McLaren P. G., Swift G. W., Neufeld A., Zhang Z., Dirks E., Haywood M., Open System Relaying, IEEE Trans. on Power Delivery, Vol. 9, no. 3, July 1994.

[1] M.S. Sachdev, Nagpal, M. and Adu, T., 1989, "Interactive Software for Evaluating and Teaching Digital Relaying Algorithms", IEEE Transactions on Power Delivery, Vol. 5, No. 1, p. 346-352 T.S. Sidhu, M. Hfuda and M.S. Sachdev, 1998. Generating Relay Models for Protection Studies, IEEE Computer Applications in Power, Vol. 11, No. 4, pp. 33-38 M.S. Sachdev (Coordinator) et al, "Advancements in Microprocessor Based Protection and Communication", 1997, A tutorial publication of the IEEE, Piscataway, NJ: IEEE Cat. No. 97TP120-0, pp. 127 P.G. McLaren et al. (including M.S. Sachdev), 2001, Software Models for Relays, IEEE Transactions on Power Delivery, Vol. 16 No. 2, pp.238-45 Canadian/American EMTP users Group, Alternative Transient Program (ATP)- Rule book, Portland, Oregon, 1992 Chaudhary, A.K.S., Kwa-sur Tam, Phadke A. G., Protection System Representation in the Electromagnetic Transient Program, IEEE Transactions on Power Delivery, Vol. 9, No. 2, April 1994, pp. 700-711 Mahseredjian J., Benmouyal G., Lombard X., Zouiti M., Bressac B., Grin-Lajoie L., A link between EMTP and MATLAB for user-defined modeling, IEEE Transactions on Power Delivery, Vol. 13, Issue 2, April 1998, pp. 667-674 Kesunovic M., and Chen Q., A novel approach for interactive protective system simulation, IEEE Trans. on Power Systems, vol. 12, no. 2, pp. 668-694, Apr. 1997 Gole M. and Daneshpooy A., Towards Open Systems: A PSCAD/EMTDC to MATLAB Interface," International Conference on Power Systems Transients (IPST97), Seattle, June22-26, 1997., pp. 145-149 Network Protection and Automation, ALSTOM, 1st Edition, July 2002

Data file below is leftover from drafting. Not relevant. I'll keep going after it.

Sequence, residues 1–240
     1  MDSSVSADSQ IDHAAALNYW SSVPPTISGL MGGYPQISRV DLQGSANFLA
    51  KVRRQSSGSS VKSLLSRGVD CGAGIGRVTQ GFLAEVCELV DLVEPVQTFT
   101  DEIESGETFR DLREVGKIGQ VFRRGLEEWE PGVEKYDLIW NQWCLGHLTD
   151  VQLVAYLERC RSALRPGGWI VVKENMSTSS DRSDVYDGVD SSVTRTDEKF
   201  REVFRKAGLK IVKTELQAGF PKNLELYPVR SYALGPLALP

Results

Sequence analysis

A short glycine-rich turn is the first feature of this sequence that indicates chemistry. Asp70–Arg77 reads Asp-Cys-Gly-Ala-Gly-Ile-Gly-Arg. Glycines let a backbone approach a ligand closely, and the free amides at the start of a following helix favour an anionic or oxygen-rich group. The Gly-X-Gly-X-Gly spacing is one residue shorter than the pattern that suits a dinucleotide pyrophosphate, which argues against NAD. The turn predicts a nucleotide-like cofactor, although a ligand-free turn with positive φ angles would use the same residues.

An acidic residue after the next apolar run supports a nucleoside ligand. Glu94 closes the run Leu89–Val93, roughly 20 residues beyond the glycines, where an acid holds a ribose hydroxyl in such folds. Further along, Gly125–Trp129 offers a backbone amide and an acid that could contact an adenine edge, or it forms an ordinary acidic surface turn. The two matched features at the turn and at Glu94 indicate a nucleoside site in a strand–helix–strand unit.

Figure 2: Voltages and currents provided to the relay









Figure 3: Examples of signals generated by the relay model.